A Promise and the Next Phase-Preventing Anxiety Attacks

Yay for summer!
Yay for summer!

If y’all remember, over a year ago this past March my daughter was diagnosed with Childhood Anxiety Disorder.  It was a traumatic and downright scary time for us both, for my family, and for those close friends of mine with whom I was able to share EXACTLY what was happening in the Yellow Submarine.  One of many things I will never forget from last year’s experience was our therapist telling me, “I promise you this will get better!”

Nope.  I will never forget.

Very few people make promises they actually keep.  Most of the time when someone says, “I promise…” my mind immediately hears the mumbling of Charlie Brown’s teacher, wa-wa, wa-wa, wa-waaaaaaaa.

But, I needed this promise so desperately, and she knew it.  She knew it, and more than that, she knew I was the kind of parent who would do ANYTHING to help Maycee get better.  With her promise came the knowledge of my conviction as well as the belief that my daughter, even at age 9, was completely capable of learning how to handle her anxiety.

At the end of last school year, when other kids were excited for summer and cheering as they left the campus, my daughter was nervous and fretting.  She had just gotten back to attending class in May.  She had just gotten to the point of being able to walk across the blacktop and stand in line with her friends before the bell rang in the morning.  And, with the ending of school came the beginning of camp.  Transition.  The unknown.  “Buttface” (this is the name we gave Maycee’s anxiety) material everywhere.

We had to practice going to the Boys and Girls Club the weekend before; not once, not twice, but multiple times.  We had to discuss exactly what the plan was for the first day–driving there, walking to the front door, entering, meeting J., the head counselor, me kissing her on the cheek and then saying good-bye.  Last year, this was what we had to do to survive the transition with minimal negative effects (i.e. tantrums and panic attacks).  Last year I didn’t breathe until I was driving away from the Club campus knowing my sweet girl was going to be okay.

This year, as the school bell rang on the last day, Maycee came out of her classroom smiling brightly, arm-in-arm with her best friend.  The hooting and hollering of happy kids surrounded us as we hugged her teacher and gathered her things.  This year we enjoyed the weekend before transitioning to camp to its fullest with lots of horsey time and relaxing.  We still discussed the transition, but the physical practice wasn’t necessary.  And, when last Monday morning arrived, only a slight amount of trepidation settled in my stomach.  Heading to the Club Maycee was also bit nervous, but mostly excited,  for what adventures lie ahead.  The unknown was alright.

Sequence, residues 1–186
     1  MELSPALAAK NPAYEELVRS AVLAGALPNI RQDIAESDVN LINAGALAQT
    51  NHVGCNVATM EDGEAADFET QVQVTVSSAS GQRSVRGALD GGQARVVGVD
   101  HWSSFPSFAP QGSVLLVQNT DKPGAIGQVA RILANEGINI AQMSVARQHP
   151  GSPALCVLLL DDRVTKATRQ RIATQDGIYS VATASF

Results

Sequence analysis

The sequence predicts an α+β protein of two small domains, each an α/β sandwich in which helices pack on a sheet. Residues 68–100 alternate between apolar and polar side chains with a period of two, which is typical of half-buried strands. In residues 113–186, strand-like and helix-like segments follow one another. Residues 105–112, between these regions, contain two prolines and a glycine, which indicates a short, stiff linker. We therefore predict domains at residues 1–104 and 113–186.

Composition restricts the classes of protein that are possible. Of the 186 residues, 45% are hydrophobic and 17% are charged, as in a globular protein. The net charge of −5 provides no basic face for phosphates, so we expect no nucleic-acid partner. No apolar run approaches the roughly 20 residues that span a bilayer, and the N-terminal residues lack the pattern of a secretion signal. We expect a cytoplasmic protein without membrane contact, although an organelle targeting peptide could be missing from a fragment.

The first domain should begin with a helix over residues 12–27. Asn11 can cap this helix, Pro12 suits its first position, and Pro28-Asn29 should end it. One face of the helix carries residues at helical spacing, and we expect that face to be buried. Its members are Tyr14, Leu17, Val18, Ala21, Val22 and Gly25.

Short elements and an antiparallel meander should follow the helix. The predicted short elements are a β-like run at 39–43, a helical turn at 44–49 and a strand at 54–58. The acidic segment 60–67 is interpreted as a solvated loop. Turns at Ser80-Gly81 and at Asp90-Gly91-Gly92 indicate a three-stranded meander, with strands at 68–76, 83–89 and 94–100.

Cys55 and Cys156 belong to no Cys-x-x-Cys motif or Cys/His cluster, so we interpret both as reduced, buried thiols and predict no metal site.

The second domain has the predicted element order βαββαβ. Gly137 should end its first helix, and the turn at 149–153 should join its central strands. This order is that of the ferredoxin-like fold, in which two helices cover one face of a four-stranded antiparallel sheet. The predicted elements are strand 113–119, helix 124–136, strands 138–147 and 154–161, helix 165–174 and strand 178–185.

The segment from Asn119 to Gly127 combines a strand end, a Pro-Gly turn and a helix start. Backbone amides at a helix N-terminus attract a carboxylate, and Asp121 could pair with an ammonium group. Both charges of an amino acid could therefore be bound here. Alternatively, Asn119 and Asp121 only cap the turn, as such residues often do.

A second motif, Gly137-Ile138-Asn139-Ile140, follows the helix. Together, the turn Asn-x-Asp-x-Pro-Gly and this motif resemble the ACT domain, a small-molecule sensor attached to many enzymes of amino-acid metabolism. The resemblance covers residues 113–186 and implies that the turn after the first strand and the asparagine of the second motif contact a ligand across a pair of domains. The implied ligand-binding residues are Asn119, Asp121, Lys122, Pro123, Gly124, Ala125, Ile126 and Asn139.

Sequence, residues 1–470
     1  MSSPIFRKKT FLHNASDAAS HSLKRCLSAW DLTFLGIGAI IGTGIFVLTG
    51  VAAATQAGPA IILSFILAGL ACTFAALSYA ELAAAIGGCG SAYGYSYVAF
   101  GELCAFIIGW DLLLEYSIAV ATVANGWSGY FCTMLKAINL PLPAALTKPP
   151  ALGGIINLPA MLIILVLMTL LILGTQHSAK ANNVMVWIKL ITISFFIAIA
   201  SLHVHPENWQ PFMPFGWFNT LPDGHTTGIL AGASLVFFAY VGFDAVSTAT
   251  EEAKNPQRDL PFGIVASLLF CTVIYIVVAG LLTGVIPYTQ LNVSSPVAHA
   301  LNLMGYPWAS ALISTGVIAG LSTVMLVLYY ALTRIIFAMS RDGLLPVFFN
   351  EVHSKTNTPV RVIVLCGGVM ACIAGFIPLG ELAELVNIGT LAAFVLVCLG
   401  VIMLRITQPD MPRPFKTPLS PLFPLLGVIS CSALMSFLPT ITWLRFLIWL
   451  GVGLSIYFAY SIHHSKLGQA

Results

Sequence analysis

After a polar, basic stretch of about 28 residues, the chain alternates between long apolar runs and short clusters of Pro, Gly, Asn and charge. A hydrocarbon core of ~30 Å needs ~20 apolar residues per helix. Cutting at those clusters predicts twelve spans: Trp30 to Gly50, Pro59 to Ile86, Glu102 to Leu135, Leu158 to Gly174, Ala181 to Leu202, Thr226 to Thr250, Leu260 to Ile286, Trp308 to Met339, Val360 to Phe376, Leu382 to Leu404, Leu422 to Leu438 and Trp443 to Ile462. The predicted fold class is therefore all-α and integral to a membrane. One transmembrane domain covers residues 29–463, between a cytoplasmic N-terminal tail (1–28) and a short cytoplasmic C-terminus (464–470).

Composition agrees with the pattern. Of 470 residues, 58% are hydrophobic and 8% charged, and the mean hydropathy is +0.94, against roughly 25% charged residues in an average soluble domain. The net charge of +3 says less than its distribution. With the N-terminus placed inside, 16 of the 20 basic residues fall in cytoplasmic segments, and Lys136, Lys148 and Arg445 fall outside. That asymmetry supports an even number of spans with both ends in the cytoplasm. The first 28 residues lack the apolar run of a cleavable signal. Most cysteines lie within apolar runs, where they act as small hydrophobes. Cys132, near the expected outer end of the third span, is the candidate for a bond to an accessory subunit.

We preceded week one of summer camp with a visit to our therapist–a check-in to see how everything was going.  Even with the success of this past school year and transitions becoming easier, Buttface still hangs around in familiar places.  The anxiety is always there to some extent.  I wondered and asked, “Will it ever go away?”

Her answer: MAYBE.  In her assessment of Maycee’s progress, she said we were now ready for the NEXT PHASE of therapy, which involves PREVENTING anxiety. We’ve spent the last year learning how to manage it and how to handle triggers, so now it’s time to work on prevention.  Bingo!

Here’s what’s on the agenda:

1. Mindfulness Meditation for 10-15 minutes per day.  Yes, kids can do it.  Maycee has been using our bench swing in the backyard, concentrating on the movement of her legs to push the swing and back again.  If her mind wanders, she comes back to her legs.  Push, swing, push, swing… I’ve been spending time in quiet, listening to my breathing.  Mindfulness Meditation helps keep us centered on what is happening right now.  Being in the moment helps prevent anxiety, which often feeds off a bad case of the “what-ifs”.

2. Talking about what kind of kid Maycee wants to be before we go out (i.e. to the ranch).  Does she want to be an obedient child who listens to Mom, is calm, cooperative and sets a good example (to name a few possibilities)?  Talking about how Maycee wants to see herself and be seen helps avoid behavioral pitfalls that occur when we are doing things together.  When behavior is under control, Buttface stays away.

3. Being grateful.  Yes!  Each night we now share one thing that made us grateful during the day.  The idea is to stay away from material inferences and avoid generalizations.  So, instead of saying, “I’m so grateful Mom bought me that horse halter I wanted!”  or “I’m grateful for you, Mom.” she might say, “I’m grateful we spent time together shopping for horse halters.”  The gratitude is about the togetherness not the purchase; it’s also specific.  When we express gratitude, we tend to feel more peaceful as well as happier, which makes it pretty darn hard to be anxious.